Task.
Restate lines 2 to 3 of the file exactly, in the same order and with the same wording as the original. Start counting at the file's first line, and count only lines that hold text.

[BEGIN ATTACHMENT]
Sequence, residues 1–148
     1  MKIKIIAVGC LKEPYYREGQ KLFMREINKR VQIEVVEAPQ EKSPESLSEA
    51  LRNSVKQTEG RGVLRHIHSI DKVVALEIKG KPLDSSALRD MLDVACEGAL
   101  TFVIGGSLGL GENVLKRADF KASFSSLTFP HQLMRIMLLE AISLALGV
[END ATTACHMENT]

     1  MKIKIIAVGC LKEPYYREGQ KLFMREINKR VQIEVVEAPQ EKSPESLSEA
    51  LRNSVKQTEG RGVLRHIHSI DKVVALEIKG KPLDSSALRD MLDVACEGAL